Attribute and level | Part-worth utility, mean^{†} | Part-worth utility, SD^{‡} | Part-worth utility < 0, %^{§} |
---|---|---|---|

Risk of disease, % lifetime risk | |||

≥ 5 | −0.85^{¶} | 0.37^{¶} | 99 |

≥ 40 | Reference | — | — |

≥ 80 | 0.48^{¶} | 0.02 | 0 |

≥ 90 | 0.52^{¶} | 0.11 | 0 |

Disease treatability | |||

No treatment recommended | −0.59^{¶} | 0.05 | 100 |

Recommended effective lifestyle change only | Reference | — | — |

Recommended effective medical treatment only | 0.11^{¶} | 0.26^{¶} | 34 |

Recommended effective medical treatment and lifestyle change | 0.42^{¶} | 0.42^{¶} | 16 |

Disease severity (health consequences) | |||

Mild | −0.20^{¶} | 0.18 | 0 |

Moderate | 0.002 | 0.08 | 0 |

Severe | 0.11^{¶} | 0.05 | 0 |

Very severe | Reference | — | — |

Carrier status | |||

Yes | 0.11^{¶} | 0.51^{¶} | 42 |

No | Reference | — | — |

Cost to you | −0.0016^{¶} | — | — |

Note: SD = standard deviation.

↵* Pseudo

*R*^{2}for this model = 0.57.↵† The mean part-worth utility value indicates the utility associated with each attribute level. Part-worth utility values can be summed to indicate the overall utility of a good. For example, returning incidental findings of a disease with a 90% lifetime risk of occurrence or higher, with medical treatment available and with severe health consequences, has an overall utility of 0.74.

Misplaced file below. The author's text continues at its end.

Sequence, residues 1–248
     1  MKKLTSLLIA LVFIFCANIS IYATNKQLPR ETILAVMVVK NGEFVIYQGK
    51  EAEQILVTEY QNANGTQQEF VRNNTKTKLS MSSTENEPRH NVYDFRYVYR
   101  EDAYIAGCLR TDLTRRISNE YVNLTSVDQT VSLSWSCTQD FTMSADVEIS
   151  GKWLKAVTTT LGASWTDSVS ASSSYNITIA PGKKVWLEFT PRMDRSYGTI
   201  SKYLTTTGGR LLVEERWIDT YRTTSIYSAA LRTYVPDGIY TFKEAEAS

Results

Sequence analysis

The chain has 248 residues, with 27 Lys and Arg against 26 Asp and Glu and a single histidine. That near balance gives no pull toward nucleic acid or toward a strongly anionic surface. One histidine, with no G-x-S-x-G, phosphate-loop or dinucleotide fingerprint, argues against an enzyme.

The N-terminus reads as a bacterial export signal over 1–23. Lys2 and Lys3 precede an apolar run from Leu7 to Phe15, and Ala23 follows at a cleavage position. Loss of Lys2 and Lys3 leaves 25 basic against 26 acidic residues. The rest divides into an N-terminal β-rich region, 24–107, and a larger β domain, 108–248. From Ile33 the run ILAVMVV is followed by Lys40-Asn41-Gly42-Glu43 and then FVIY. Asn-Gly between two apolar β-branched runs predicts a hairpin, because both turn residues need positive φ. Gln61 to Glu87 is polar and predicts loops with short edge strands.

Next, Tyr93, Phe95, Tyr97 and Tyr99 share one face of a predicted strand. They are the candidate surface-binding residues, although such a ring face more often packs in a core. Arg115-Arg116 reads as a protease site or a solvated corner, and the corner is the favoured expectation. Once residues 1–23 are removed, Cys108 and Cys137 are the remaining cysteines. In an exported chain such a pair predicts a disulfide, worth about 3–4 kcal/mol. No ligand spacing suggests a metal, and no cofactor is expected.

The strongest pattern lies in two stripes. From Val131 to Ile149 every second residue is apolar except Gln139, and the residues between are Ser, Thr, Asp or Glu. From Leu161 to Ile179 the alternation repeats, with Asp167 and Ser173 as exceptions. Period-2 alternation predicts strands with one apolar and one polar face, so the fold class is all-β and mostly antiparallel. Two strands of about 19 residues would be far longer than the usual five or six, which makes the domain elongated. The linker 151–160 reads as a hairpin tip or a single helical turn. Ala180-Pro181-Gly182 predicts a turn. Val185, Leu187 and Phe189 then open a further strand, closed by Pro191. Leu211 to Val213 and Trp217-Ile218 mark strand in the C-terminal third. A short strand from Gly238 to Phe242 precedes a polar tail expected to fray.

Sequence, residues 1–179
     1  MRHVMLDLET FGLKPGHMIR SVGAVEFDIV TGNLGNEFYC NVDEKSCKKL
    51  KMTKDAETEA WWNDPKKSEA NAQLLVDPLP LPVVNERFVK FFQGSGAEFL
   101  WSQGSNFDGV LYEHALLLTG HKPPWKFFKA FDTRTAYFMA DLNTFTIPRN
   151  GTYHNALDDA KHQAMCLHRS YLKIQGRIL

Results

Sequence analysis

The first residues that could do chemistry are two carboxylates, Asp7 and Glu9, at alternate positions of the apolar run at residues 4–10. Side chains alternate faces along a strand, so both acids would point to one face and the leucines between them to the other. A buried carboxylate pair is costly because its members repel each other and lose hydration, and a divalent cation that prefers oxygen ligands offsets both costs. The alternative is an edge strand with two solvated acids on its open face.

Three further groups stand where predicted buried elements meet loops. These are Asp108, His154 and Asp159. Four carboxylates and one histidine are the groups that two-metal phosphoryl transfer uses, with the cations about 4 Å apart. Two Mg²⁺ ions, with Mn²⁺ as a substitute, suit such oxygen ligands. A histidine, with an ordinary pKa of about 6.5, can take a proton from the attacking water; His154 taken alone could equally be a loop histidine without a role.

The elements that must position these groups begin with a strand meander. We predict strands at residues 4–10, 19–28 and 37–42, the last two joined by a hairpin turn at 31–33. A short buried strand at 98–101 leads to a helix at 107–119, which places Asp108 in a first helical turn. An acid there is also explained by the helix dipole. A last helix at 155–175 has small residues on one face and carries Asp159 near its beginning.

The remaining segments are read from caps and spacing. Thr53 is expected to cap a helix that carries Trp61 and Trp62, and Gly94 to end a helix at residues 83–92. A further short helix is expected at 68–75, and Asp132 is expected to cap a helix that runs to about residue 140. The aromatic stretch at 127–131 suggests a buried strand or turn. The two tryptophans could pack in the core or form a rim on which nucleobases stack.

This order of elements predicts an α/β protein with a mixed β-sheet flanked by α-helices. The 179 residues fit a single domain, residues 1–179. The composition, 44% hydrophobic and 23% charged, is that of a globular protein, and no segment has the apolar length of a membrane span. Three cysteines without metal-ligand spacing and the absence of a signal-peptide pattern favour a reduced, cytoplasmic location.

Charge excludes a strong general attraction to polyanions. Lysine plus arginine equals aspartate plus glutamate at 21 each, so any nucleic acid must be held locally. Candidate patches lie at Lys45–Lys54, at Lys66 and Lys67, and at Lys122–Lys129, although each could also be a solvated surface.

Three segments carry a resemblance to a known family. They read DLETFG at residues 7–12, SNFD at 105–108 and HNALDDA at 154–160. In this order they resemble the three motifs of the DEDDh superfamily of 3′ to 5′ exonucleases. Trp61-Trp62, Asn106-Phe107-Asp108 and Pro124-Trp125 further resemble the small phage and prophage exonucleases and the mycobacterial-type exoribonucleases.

↵‡ The SD is an estimated model parameter (with its own standard error indicating statistical significance) that is used to estimate the dispersion of individual-level utility values in the population. Using the mean and SD, individual-level estimates of personal utility can be determined, including determination of the percentage of estimates expected to fall below zero.

↵§ The percentage of the population with negative part-worth utility values.

↵¶

*p*< 0.05.